Hall of Fame Inductee: Gary Gait
By Chris Rosenthall | Feb 15, 2022
Shortly after she bought me my first lacrosse stick, I handed my mother a camera and asked her to take my picture in front of our house. At the bottom of our driveway, sporting denim shorts and a cartoonishly oversized smile, I proudly presented my traditionally-strung STX Hi-Wall, and while I had no idea how or why, I somehow knew that this game I’d recently discovered would mean a great deal in the years to come. After I gave a standard lacrosse pose (head of the stick next to my ear and ready to catch a hypothetical pass), I posed for a few more photos, in which I demonstrated the behind-the-back shot, the “around the world,” and lastly, the between-the-legs-in-the-most-uncomfortable-way-imaginable shot known as the “back breaker” - all pages I’d taken directly from Gary Gait’s catalog. No, not his figurative catalog, I’d been copying his literal one, as those moves were featured in the catalog for GB Lax, the Syracuse-based equipment retailer founded by Gary and twin brother Paul. Like a kid expecting to dunk once he purchased the latest basketball shoes, I simply had to buy my next stick straight from the legend himself, and after fixing the one thing obviously holding me back, was officially on my way to becoming the next Gary Gait.
Why did I want those photos? Well, it’s been a while, but the working theory is that I believed at some point in the near future, the TV crew profiling me would want them as prologue for the story of how I broke all of Gary Gait’s records. They’d visit my childhood home, see Gary and Paul’s poster on my bedroom wall, spot their instructional video atop my VCR, and would completely understand why, as far as style, ability and accomplishments were concerned, we were practically triplets.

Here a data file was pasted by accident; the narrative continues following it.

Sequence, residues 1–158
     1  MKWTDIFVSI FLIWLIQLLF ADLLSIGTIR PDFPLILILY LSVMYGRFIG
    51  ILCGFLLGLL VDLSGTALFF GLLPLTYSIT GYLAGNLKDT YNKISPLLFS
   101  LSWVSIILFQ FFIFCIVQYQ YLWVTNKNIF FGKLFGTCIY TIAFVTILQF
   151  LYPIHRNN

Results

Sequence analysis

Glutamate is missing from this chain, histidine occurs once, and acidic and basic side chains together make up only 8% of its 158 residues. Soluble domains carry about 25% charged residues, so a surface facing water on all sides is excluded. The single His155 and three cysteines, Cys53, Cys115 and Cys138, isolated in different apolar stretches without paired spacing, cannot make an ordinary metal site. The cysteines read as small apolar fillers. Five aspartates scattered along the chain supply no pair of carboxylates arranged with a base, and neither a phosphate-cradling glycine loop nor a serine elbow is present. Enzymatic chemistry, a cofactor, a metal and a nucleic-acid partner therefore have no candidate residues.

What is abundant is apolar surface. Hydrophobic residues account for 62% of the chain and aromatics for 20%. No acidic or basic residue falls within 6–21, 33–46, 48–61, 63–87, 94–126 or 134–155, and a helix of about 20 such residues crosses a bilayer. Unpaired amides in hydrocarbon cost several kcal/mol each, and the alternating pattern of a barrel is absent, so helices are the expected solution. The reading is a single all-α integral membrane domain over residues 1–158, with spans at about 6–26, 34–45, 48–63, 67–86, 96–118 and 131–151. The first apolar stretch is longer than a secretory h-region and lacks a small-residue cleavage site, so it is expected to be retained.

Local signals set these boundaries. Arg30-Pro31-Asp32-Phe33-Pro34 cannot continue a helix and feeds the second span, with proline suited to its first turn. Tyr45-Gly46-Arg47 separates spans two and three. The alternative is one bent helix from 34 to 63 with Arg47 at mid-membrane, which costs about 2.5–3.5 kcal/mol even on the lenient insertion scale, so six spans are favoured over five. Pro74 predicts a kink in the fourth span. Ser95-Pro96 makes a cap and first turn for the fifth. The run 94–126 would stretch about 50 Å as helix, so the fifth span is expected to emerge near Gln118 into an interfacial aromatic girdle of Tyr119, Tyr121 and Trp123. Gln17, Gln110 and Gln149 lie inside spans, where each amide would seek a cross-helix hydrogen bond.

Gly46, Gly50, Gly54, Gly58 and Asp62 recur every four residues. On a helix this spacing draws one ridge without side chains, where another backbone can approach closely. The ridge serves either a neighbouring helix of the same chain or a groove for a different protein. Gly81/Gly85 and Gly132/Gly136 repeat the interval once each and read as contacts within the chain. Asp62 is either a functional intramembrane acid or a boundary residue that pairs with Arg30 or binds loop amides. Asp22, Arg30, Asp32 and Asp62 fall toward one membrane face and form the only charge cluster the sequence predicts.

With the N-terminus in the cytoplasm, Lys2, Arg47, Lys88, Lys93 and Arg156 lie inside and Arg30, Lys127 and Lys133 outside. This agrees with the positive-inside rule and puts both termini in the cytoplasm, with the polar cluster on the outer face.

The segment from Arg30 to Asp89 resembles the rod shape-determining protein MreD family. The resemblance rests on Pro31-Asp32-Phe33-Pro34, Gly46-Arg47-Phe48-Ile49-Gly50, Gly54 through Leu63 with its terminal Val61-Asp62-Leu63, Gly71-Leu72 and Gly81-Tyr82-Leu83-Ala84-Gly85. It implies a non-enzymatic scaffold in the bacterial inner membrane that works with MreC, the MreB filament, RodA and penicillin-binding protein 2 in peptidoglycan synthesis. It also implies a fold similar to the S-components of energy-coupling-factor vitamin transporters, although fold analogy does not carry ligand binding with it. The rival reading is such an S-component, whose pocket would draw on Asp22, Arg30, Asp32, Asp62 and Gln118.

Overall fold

Unfortunately, my quest for Gait-level greatness ultimately fell a bit short, but to be fair, some would argue that literally everyone else’s did as well. When it comes to lacrosse, Gary Gait established the bar, then proceeded to raise it every step of the way. Gait resides at the intersecting peaks of production and creativity, an icon, innovator and blueprint all in one. He’s your favorite player’s favorite player’s favorite player, and no matter who’s having the conversation, his is the name mentioned in every discussion regarding the best to ever hold a stick.
He’s been often called the Babe Ruth or Michael Jordan of lacrosse, but let’s be honest here, the direct comparisons are a disservice to Gait and his legacy - he’s not a GOAT, he’s a one-man Mount Rushmore of GOATs.
The Jordan reference certainly tracks (i.e., virtually unstoppable scoring machine complete with signature dunk and ability to offensively turn absolutely nothing into something we’ve never seen), but he’s actually a bit more Bill Russell - dominating, highly decorated champion at all levels and job titles in and around the game. While Russell remarkably won a pair of championships while serving as both player and head coach for the Boston Celtics, Gait did the same as player/coach for the Baltimore Bayhawks, a title he held from 2002-2005.